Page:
Two city educators whose endorsements appear on the back of what federal authorities describe as a gang handbook recommended the leader's teachings to Mayor Sheila Dixon's education liaison.
The mayor's office refused to elaborate on the meeting, saying it did not pursue the suggestion and has no knowledge of the book or Eric Brown, 40, the man authorities say is the leader of the Black Guerrilla Family. But the disclosure sheds light on how Brown's efforts might have been disseminated from behind prison walls.
Federal prosecutors contend that from the Metropolitan Transition Center, Brown wrote a 125-page book about black empowerment titled The Black Book: Empowering Black Families and Communities, as a ploy to make the group appear legitimate as he orchestrated a vast criminal enterprise. Brown and 23 others were charged last month on drug and weapons charges after a federal wiretap investigation .
The U.S. Department of Justice's Gang Intelligence Center describes the gang as a highly organized paramilitary group that promotes Marxist ideals, and local law enforcement authorities say that much like the Mafia, the gang seeks to place members in positions of power or align itself with unsuspecting officials to appear legitimate.
The gang aspires to "place lower members within the mainstream of legal positions such as lawyers, politicians, judges, legal business owners and other positions of authority," according to Capt. Phil Smith, assistant director of the state prison system's intelligence unit. "These loyal members and sympathizers all have their roles as instruments in the growth and development of BGF's progress and advancement."
The Baltimore Sun reported Saturday that four educators, including two-time mayoral candidate and city schools administrator Andrey Bundley, gave endorsements on the back cover of The Black Book.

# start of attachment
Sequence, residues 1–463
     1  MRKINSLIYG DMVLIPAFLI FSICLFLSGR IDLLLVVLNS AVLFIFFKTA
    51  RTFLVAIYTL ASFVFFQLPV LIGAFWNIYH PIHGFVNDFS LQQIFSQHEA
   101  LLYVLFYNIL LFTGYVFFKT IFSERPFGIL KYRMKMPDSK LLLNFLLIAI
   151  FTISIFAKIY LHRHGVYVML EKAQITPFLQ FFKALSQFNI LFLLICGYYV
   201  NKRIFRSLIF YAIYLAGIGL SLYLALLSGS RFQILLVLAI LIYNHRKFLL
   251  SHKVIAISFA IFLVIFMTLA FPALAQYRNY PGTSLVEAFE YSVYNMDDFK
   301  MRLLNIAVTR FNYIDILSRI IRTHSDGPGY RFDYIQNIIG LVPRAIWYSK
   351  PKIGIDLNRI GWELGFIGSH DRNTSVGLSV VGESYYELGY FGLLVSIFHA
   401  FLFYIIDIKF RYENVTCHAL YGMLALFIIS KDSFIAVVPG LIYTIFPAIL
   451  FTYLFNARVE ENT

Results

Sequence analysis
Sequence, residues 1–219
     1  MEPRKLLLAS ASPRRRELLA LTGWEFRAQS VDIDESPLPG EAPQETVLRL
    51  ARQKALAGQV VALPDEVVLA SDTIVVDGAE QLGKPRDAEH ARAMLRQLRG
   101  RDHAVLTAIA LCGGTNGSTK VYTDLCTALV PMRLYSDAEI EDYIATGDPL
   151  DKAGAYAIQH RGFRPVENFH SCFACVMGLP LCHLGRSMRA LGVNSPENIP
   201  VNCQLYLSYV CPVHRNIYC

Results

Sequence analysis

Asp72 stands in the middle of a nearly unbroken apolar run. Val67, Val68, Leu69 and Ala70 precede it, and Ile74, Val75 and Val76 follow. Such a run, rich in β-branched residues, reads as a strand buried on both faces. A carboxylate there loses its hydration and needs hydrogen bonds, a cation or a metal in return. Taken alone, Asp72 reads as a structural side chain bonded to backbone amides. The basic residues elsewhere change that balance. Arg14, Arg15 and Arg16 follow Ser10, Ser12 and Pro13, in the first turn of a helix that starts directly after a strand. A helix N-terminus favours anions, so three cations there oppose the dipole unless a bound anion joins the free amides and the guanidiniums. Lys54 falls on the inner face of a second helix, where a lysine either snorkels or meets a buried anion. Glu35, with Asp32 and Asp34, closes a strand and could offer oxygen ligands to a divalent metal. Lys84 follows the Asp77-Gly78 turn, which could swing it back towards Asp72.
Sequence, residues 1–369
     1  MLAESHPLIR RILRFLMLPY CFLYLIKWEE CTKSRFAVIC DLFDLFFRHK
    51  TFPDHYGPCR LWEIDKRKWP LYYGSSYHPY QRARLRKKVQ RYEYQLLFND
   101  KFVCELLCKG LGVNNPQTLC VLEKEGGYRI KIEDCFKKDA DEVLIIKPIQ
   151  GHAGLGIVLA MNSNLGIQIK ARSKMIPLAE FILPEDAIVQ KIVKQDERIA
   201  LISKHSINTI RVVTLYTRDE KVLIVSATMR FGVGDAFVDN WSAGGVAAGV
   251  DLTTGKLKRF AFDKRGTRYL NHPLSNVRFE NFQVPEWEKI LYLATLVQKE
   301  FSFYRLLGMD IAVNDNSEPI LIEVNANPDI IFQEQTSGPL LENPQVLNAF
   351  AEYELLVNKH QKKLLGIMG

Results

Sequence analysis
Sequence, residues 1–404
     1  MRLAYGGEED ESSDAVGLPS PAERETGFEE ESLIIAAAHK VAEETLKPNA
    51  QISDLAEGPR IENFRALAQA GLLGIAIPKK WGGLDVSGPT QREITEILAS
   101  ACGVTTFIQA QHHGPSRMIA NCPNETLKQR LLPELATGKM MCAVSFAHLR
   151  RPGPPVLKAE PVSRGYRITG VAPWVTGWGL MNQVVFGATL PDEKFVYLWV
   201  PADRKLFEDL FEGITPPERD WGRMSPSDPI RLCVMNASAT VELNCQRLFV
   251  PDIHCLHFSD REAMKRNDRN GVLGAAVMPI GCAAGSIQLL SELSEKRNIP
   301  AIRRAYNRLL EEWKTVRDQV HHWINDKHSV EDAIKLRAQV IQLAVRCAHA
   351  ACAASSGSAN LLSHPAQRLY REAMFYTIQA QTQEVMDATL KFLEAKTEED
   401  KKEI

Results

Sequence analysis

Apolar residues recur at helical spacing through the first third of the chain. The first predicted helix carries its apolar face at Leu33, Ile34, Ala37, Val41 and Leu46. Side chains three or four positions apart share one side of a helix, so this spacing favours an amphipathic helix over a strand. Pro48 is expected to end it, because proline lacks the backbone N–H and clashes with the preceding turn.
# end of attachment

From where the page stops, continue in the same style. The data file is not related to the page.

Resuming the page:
Bundley and Bridget Alston-Smith, whose nonprofit Partners in Progress works with at-risk children at three city schools, said that Brown was well-known for helping soon-to-be-released felons as they prepared for life in the outside world. They said they were not aware of Brown's alleged criminal involvement and were only endorsing the outreach work they observed.
They recommended Brown's work during a meeting earlier this year with Sabrina Sutton, Dixon's special assistant for education. While an official in the mayor's office confirmed the meeting, that official and a mayor's spokesman refused to provide additional details. They said Dixon's office is often approached by people or groups seeeking support or an endorsement from the city.
"No one in Mayor Dixon's office has read or has any knowledge about the contents of The Black Book," spokesman Scott Peterson said.
Bundley and Alston-Smith declined to comment, though Alston-Smith reiterated that the book is "not what everybody's making it out to be."
Though it explicitly promotes the Black Guerrilla Family, the book seeks to distance the gang from crime and concentrates on black empowerment, financial sustainability and the need for black men to conduct themselves with poise and professionalism. It advises gang members to "put your gats down and lift your pants up."